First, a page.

YEREVAN, September 5. /ARКА/. A ruling of Armenia’s Constitutional Court that declared Wednesday unconstitutional a legal provision that has been used by law-enforcement authorities for arresting and prosecuting former President Robert Kocharyan cannot serve as a ground to change the preventive measure against ex-president, Justice Minister Rustam Badasyan told in an interview to Shant TV channel today.
Kocharyan's petitions asked the Court to declare unconstitutional two articles of the Armenian Code of Procedural Justice- part 2 of Article 135 (defamation in public speaking) and Article 35 (preparation for crime), which law-enforcement authorities used to arrest him.
Kocharyan's lawyers argue that the Armenian Constitution gives their client immunity from prosecution for the crackdown on the opposition after the contested 2008 presidential election.
According to the minister, the Constitutional Court deliberated the constitutionality of two articles, and part 2 of Article 135, which is about verifying the criterion of the main charge in discussing the issue of arrest, was found to be in conformity with the Constitution.
'This may clearly indicate that the issue of changing the preventive measure against Kocharyan cannot be raised. Nevertheless, it will be unserious to make unambiguous conclusions judging by the final part of the ruling only without reading the justification. It is t part 2 of Article 135 that was not recognized as unconstitutional," Badasyan said.
Asked whether the Constitutional Court was competent to make a decision on Kocharyan, the minister noted that one of the judges of the Constitutional Court argued that at least three members of the Court could not participate in the deliberation of the issue, and the Court did not make any decision on that.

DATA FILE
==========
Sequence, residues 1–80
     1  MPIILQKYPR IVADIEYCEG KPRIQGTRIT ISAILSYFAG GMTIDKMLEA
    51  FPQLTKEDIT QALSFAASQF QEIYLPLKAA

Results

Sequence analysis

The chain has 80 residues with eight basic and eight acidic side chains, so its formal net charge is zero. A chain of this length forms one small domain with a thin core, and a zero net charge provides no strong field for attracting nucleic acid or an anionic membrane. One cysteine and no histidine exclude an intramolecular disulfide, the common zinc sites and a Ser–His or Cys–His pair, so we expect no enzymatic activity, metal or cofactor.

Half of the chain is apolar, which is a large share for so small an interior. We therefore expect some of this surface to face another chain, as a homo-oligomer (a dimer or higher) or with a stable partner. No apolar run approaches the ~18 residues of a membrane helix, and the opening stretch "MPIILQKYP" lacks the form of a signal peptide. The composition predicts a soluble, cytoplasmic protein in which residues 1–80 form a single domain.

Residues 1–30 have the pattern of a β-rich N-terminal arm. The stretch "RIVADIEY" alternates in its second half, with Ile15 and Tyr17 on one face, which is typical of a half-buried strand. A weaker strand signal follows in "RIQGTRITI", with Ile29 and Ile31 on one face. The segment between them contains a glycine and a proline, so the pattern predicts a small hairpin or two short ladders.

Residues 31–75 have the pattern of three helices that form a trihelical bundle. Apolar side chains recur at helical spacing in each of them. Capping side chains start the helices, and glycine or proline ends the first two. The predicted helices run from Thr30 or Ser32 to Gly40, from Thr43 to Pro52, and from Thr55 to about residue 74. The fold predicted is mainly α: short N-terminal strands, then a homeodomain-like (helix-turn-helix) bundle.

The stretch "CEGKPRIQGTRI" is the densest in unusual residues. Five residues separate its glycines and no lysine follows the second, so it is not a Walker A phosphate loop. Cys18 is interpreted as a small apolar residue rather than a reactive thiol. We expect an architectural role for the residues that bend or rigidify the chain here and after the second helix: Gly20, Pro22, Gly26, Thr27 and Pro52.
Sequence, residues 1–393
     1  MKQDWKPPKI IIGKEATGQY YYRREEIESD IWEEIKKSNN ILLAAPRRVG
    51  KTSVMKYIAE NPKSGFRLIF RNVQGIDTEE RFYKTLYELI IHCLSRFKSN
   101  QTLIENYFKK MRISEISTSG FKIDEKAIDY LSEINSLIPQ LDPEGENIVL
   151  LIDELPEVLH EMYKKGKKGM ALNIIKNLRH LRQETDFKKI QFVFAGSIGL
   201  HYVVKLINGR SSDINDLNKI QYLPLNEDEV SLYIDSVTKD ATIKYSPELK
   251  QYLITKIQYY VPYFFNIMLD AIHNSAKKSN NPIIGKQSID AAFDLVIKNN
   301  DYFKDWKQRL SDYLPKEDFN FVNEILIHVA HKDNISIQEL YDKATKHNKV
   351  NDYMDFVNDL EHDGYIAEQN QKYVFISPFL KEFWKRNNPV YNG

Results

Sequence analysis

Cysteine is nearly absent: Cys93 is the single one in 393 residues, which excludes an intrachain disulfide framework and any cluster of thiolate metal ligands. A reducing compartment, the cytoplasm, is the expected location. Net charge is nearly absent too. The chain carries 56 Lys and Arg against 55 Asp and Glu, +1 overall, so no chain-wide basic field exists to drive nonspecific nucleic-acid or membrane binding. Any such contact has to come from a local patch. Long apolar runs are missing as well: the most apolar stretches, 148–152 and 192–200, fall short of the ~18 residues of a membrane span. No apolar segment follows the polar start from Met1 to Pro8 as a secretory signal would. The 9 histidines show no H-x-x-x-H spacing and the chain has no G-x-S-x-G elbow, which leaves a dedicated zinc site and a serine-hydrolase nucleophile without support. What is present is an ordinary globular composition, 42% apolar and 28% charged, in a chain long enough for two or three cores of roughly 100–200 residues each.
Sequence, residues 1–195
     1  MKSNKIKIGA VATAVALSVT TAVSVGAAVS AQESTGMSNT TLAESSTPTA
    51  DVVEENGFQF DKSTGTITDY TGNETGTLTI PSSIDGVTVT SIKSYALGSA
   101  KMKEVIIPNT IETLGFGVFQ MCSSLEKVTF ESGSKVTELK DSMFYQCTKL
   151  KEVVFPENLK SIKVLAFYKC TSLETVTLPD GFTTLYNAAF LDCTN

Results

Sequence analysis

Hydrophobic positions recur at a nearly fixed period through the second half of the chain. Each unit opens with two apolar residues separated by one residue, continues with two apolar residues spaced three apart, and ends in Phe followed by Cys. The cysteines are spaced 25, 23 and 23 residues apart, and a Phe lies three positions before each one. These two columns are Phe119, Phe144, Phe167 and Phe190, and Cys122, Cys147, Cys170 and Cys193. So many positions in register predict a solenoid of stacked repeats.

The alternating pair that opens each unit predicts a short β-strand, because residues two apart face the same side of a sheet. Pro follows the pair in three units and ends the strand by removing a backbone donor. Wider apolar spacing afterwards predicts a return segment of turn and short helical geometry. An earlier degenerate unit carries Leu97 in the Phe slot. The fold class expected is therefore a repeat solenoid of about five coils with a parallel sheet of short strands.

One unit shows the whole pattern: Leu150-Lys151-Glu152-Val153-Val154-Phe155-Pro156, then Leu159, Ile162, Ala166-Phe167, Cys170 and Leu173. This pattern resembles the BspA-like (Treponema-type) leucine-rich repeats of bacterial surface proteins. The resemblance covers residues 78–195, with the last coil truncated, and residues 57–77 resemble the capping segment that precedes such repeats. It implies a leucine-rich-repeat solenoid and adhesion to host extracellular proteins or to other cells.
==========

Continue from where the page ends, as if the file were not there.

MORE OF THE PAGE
According to him, if there was evidence of the impossibility of their participation, then the judges of the Constitutional Court were obliged to declare that. In accordance with the established procedure, a relevant decision should have been made. "In this sense, the process was in some ways questionable," the minister said, emphasizing that any decision of the Constitutional Court is subject to mandatory implementation.
The case dates back to late February and early March 2008 following the disputed presidential election, when then prime minister Serzh Sargsyan was declared the winner, angering the opposition, led by the first Armenian president Levon Ter-Petrosyan and setting off 10 days of nonstop protests that led to a crackdown on March 1, in which 10 people were killed and more than 200 injured.
The same charge is brought against Yuri Khachaturov, who had been the chief of the Yerevan garrison at the time of the bloody events. Khachaturov was detained by then released on a 5 million dram bail. Also former defense minister Mikael Harutyunyan is wanted by the law-enforcement authorities as a defendant in the case. He is accused of illegally using the Armenian armed forces against opposition supporters who demonstrated in Yerevan in the wake of the disputed presidential election held in February 2008. -0—